The Jesus of History vs. the Christ of Faith?

Though still more than 60 days away, Christmas seems to be just around the corner despite the calamities. Though there are those who will be celebrating the birth of Christ, sadly there are others also who will be criticizing it. A few years back, Newsweek came up with a cover story on “The Birth of Christ.” In that article, managing editor Jon Meacham debated the historicity of the nativity. “Now, at the beginning of the 21st century, some scholars treat the Christmas narratives as first-century inventions designed to strengthen the seemingly tenuous claim that Jesus was the Messiah. (Issue 12/13/2004) He claimed that the Gospels mixed faith and history to the Christmas story and make the case for Christ.” (Ibid) Later on, when Larry King interviewed him, Meacham made this assertion: “Things don’t have to be accurate to be true.” (“Who was Jesus,” CNN Larry King Live, 12/24/2004) In other words, even if something is not accurate, it is still considered true or valid to you as long as you believe it.

But we cannot really separate the Jesus of history from the Christ of faith. The Gospel writers were concerned with the factual basis of what they wrote. We have the eyewitnesses’ accounts in the Gospels such as Matthew, Luke and Peter. (Scholars believed that the source of the Gospel of Mark was Peter’s preaching.) “When we told you about the power and the return of our Lord Jesus Christ, we were not telling clever stories that someone had made up. But with our own eyes we saw his true greatness. (2 Peter 1:16, CEV) Luke, who wrote the Gospel of Luke and the book of Acts, did careful research as a top-notch historian. “I made a careful study of everything and then decided to write and tell you exactly what took place… I have done this to let you know the truth about what you have heard.” (Luke 1:3-4) Thus, Dr. Norman Geisler, a top Christian apologist (defender of the faith), wrote, “The separation of historical Jesus from historic Christ is based on a false dichotomy of fact and faith or of fact and value. The historic significance of Christ cannot be separated from his historicity. If he did not live, teach, die, and rise from the dead as the New Testament claims, then he has no saving significance today.” (Baker Encyclopedia of Christian Apologetics) With Christmas fast approaching, we need to make the most of the opportunity to defend our faith. “Always be ready to give an answer when someone asks you about your hope.” (1 Peter 3:15b)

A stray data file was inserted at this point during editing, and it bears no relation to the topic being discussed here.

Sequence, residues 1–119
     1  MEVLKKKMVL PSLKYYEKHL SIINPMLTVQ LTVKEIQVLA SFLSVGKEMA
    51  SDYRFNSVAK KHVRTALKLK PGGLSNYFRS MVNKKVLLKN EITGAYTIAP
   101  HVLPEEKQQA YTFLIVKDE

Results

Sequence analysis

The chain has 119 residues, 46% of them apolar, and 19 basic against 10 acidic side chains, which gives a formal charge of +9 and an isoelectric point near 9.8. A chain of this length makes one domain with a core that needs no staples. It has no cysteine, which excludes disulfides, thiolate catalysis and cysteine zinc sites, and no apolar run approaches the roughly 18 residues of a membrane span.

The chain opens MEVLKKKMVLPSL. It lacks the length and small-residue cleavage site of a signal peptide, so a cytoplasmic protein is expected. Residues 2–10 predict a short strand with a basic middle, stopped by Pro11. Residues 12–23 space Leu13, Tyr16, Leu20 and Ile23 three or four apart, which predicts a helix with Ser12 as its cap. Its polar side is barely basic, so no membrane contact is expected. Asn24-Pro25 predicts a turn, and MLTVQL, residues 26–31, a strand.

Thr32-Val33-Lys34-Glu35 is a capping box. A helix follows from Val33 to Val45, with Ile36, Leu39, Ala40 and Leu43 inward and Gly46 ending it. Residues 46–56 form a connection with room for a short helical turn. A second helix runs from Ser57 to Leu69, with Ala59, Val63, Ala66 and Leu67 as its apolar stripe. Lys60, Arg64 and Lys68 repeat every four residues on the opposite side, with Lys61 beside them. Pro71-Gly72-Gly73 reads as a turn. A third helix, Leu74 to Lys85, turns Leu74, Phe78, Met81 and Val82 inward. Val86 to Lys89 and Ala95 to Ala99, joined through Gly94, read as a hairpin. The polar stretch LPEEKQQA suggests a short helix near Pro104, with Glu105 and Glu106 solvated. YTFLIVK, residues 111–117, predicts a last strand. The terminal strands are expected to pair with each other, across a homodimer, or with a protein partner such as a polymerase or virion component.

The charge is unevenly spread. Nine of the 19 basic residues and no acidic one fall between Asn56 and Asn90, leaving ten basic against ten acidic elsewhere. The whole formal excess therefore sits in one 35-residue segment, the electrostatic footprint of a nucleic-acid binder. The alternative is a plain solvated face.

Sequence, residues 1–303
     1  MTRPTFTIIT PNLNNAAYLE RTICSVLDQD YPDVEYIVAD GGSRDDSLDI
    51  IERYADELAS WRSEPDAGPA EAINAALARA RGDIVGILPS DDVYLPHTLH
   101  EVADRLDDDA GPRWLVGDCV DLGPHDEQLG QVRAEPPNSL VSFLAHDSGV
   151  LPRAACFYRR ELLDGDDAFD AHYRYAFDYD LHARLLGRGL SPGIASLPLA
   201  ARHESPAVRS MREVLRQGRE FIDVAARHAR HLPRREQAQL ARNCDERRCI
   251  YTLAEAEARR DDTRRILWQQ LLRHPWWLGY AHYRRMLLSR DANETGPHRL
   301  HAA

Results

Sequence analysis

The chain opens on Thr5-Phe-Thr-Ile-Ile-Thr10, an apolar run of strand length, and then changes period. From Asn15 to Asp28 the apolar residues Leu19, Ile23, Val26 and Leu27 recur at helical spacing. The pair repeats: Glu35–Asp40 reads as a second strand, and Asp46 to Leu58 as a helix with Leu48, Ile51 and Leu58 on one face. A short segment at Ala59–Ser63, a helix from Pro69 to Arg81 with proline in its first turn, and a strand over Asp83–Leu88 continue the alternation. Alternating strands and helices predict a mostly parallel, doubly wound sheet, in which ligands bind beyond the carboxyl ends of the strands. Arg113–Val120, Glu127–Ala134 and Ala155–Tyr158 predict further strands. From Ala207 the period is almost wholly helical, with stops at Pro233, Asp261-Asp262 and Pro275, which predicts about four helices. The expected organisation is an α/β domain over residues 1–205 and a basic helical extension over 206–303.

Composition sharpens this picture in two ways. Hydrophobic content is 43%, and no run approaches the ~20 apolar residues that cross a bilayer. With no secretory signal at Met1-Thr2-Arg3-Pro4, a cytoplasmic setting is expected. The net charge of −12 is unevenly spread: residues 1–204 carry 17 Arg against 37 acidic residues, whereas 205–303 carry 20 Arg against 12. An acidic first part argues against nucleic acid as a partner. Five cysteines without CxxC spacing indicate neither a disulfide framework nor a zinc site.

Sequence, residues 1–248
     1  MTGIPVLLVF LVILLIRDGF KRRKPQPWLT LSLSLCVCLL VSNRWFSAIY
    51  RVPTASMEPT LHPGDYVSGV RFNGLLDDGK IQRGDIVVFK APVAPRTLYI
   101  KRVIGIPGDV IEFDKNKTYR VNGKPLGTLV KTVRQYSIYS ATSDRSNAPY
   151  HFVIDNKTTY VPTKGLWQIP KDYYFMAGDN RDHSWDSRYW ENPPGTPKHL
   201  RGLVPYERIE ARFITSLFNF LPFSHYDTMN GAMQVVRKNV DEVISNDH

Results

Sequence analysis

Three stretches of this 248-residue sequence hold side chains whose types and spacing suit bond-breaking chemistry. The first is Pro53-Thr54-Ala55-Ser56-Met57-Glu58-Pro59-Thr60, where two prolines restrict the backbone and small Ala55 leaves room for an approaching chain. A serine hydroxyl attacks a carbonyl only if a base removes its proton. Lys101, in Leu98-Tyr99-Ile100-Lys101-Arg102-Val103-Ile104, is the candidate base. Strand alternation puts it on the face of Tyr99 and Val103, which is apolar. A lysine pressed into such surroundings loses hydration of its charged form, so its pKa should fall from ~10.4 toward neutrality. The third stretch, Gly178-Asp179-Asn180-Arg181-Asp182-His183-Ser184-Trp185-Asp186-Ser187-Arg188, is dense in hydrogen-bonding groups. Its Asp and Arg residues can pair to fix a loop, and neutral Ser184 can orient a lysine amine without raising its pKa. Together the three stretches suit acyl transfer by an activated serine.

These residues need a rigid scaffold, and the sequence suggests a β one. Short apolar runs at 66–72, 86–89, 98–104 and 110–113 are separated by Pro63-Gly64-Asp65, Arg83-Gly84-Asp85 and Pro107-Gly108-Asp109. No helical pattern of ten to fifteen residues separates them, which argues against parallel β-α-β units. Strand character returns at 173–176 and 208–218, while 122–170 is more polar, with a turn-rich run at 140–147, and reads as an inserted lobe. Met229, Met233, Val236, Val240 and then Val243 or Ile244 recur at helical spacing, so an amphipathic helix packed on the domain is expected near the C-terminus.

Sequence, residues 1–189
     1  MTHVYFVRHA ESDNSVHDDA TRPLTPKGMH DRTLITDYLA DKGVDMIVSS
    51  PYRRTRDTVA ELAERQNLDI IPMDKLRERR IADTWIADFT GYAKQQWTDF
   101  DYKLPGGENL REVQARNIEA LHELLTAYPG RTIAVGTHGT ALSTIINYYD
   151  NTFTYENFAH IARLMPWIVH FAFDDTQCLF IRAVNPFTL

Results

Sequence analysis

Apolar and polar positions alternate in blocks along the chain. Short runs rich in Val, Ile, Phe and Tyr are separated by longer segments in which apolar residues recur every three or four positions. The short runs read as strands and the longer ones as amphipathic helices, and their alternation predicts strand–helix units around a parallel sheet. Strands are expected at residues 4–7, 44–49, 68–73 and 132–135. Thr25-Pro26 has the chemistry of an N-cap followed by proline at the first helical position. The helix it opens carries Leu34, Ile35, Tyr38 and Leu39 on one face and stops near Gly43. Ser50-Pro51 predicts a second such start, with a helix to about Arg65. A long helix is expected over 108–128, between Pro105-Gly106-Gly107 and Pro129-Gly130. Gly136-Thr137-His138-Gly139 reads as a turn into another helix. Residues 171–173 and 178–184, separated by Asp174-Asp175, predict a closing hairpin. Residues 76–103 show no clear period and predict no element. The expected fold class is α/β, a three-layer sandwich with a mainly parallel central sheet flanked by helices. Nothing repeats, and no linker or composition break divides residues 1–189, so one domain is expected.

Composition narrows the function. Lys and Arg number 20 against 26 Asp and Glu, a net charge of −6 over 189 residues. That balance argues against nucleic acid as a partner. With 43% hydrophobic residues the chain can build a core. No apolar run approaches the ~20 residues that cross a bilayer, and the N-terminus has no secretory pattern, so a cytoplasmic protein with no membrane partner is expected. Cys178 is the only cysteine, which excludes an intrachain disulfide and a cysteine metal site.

Brethren, the Jesus of history is the Christ of our faith!


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